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Tourette's Disorder

By: Elizabeth Grace - Updated: 24 Oct 2010 | comments*Discuss
 
Tourette's Disorder Tourette Syndrome

Tourette’s Disorder also called Tourette Syndrome (TS) is a complex medical condition and according to the Tourette Syndrome Association, can be described as "a movement disorder, neurological condition, or a neuro-psychiatric condition." Those affected with Tourette Syndrome display tics - movements and verbal utterances that are difficult or impossible for them to control.

Symptoms
The tics (movements and sounds) associated with Tourette's Disorder are typically first seen at around the age of seven and while the severity of symptoms may decrease toward the end of adolescence, it is likely that people with Tourette Syndrome will experience symptoms all throughout their lives. Typically, rapid blinking or twitching of the mouth are the first indicators, but TS may begin with sounds such as sniffling or throat clearing. Severity and frequency of tics can vary, not only from person to person, but also in each individual case. A person with Tourette's Disorder cannot control their symptoms, but they may find them to be more severe in stressful, anxiety provoking situations.

Movements and Sounds of Tourette's Disorder
The movements and sounds associated with TS can vary from mild to quite disruptive and the unpredictable nature of the symptoms can make even friends and close acquaintances of people with TS question the validity of the involuntary aspect of symptoms. Nonetheless, it is unreasonable and unfair to expect that someone with Tourette's Disorder hold back their outbursts since they in fact cannot exert any control over them. At best, tics can sometimes be temporarily suppressed, but must eventually be displayed.

Movements typical to TS include, on the mild side, eye blinking, shrugging of the shoulders, head jerking and facial grimacing. More extreme movements can include jumping, smelling, twirling, touching other people and even hitting or biting oneself.

Sounds vary, too, and range from throat clearing, yelping, sniffling, and clicking of the tongue, while some people with TS exhibit more complex sound tics. Echolalia, the repeating of a just heard sound, word, or phrase is not uncommon, which can make those unfamiliar with a person's condition feel that they are being mocked. Another sound tic is called coprolalia, which is the uttering of words or phrases that may be inappropriate to the situation, this can also include swearing or saying socially inappropriate things, which many people falsely believe is the most common symptom associated with Tourette's Disorder. The tendency of movies and television shows to focus on this particular tic may have given the public the assumption that it is common amongst those with TS, but in reality, only affects 10-15% of those afflicted.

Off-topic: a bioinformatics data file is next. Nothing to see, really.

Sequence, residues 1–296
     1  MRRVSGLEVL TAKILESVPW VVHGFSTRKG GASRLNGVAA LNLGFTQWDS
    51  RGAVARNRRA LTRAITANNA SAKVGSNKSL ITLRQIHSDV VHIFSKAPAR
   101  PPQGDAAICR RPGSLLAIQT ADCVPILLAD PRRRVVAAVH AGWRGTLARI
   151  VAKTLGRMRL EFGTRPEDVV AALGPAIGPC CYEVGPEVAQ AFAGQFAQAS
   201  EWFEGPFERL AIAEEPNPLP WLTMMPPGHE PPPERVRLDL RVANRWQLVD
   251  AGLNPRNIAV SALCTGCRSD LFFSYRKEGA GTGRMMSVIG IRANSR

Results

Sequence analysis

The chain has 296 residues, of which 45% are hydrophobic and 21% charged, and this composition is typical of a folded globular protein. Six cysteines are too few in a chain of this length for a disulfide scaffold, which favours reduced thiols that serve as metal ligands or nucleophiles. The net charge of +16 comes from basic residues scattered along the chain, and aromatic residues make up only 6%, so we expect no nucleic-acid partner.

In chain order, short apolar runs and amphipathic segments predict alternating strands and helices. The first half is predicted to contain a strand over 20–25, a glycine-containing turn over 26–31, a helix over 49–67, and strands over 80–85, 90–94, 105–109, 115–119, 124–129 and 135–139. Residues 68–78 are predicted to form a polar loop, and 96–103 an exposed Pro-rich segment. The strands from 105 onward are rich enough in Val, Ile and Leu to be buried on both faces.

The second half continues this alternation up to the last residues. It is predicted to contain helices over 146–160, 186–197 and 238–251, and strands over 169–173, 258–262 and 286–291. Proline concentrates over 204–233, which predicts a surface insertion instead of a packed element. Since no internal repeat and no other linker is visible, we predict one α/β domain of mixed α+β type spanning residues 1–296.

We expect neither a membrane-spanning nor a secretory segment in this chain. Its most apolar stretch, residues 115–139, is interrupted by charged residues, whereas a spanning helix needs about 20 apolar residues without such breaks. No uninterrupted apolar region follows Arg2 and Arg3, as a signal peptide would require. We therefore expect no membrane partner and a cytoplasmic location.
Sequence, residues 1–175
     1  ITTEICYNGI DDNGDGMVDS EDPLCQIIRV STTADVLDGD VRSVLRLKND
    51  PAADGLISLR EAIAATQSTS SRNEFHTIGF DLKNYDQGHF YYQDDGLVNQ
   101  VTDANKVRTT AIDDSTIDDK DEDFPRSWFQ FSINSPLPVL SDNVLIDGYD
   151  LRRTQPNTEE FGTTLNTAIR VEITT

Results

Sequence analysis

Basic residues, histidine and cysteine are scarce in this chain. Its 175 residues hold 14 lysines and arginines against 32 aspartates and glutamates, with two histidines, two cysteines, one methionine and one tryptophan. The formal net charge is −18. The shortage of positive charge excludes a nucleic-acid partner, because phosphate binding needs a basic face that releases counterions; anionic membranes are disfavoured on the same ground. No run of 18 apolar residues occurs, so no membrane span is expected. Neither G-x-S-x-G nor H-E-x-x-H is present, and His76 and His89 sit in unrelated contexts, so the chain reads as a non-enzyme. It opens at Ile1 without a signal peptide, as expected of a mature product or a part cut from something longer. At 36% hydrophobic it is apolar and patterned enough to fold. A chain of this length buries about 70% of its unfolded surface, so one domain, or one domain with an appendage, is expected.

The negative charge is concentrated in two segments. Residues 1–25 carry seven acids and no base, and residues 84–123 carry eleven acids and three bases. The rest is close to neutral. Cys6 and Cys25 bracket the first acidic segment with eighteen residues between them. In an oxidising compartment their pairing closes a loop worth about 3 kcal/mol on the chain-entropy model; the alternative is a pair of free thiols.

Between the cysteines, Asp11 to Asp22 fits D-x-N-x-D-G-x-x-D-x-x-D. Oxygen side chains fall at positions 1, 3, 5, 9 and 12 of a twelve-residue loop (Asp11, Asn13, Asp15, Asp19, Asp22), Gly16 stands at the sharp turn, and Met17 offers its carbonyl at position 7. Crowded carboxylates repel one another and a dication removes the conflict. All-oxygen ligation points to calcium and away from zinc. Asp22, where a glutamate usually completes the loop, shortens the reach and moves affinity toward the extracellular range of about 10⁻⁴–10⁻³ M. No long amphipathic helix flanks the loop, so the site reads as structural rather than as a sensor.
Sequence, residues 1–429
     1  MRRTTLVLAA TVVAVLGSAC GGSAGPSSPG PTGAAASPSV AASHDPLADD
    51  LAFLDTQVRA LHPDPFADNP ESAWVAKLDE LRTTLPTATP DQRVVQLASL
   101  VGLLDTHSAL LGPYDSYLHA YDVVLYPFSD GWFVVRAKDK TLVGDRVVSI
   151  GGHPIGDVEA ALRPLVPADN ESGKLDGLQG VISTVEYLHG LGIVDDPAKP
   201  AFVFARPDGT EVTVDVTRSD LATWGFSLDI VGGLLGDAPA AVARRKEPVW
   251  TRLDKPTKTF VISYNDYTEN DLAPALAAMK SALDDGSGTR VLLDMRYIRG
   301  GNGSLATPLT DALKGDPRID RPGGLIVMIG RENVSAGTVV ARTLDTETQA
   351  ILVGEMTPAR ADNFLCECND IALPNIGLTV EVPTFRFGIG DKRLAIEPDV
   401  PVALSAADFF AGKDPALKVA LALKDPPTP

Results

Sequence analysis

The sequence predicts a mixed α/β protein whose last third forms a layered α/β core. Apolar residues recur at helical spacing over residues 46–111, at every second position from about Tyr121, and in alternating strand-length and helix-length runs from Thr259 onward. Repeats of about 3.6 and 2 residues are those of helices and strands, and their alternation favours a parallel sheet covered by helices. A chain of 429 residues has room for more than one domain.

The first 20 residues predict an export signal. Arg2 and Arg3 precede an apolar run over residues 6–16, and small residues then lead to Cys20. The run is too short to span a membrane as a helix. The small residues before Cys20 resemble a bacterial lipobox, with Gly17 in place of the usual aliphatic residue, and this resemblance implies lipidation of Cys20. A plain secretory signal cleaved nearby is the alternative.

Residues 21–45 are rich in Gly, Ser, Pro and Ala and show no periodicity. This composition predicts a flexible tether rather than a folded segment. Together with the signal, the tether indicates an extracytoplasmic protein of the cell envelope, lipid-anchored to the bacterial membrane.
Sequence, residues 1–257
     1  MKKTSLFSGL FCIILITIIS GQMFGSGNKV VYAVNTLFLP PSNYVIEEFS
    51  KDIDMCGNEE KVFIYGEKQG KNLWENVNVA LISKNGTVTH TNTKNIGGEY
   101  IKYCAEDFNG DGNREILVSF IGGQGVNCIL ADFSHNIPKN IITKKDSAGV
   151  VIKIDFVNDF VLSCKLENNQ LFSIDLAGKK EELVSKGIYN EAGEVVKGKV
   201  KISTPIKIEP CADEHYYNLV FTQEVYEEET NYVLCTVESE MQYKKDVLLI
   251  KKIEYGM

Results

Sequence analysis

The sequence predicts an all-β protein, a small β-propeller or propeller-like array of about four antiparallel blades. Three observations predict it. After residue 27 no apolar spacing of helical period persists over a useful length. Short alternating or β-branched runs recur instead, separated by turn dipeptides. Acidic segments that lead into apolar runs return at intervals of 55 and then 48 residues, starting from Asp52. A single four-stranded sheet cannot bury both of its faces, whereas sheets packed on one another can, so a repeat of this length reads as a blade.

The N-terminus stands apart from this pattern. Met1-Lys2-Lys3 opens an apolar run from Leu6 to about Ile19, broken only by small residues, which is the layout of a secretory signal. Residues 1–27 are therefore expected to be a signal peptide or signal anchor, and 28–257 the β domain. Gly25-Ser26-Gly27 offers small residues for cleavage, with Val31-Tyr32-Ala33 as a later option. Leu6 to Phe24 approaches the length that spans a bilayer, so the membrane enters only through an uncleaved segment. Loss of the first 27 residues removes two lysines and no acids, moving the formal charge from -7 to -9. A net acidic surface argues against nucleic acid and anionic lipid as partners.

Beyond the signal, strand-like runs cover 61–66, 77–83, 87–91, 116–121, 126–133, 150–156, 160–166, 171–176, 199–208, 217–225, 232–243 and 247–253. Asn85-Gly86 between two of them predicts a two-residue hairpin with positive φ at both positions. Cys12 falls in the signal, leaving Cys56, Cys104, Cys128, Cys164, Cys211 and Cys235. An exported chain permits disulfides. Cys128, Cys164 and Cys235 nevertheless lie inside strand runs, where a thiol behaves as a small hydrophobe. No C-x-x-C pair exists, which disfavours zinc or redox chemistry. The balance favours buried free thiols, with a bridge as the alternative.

Causes and Diagnosis of Tourette's Disorder
There is a clear genetic link in incidence of TS, although not all people with Tourette Syndrome are aware of any family history. Those with TS have a 50% chance of passing the gene that carries TS along to each of their children. It is suspected that multiple genes may be involved, but only one has been positively identified, thus far. There is also some speculation that streptococcal throat infections (strep throat) may trigger TS in some people, but this is yet unproven.

TS is diagnosed by a thorough evaluation of symptoms, with the requirement that at least one sound tic must be present, along with several movement tics. A series of physical tests including blood work, EEG, CT scans, and MRIs may be employed to rule out other conditions, so making a determination of Tourette's Disorder ultimately comes down to assessing symptoms.

Treatment
While there is currently no known cure for TS, those who find their symptoms to be extremely intrusive may wish to try medication to suppress tics, although unpleasant side effects may make medication a last resort for many. Relaxation techniques may be helpful in lessening the severity of tics for some people, and some behaviour therapies can teach those with TS to substitute one tic for another, less socially acceptable one.

Treatment should begin as early as possible because children with TS may be teased, bullied, or even ostracised by other children, making it difficult for them to function socially. As adolescence approaches, a time of confusion and uncertainty for even kids without TS, the importance of healthy socialisation becomes even more important.

Kids with TS, although just as intelligent as their peers, may experience some learning difficulties, requiring special educational help. If reading or writing problems are present, the use of tape recorders or computers may be beneficial. Encouragement and emotional support from parents and other family members is crucial for kids with Tourette's Disorder, helping them to establish a healthy sense of self-esteem and worth.

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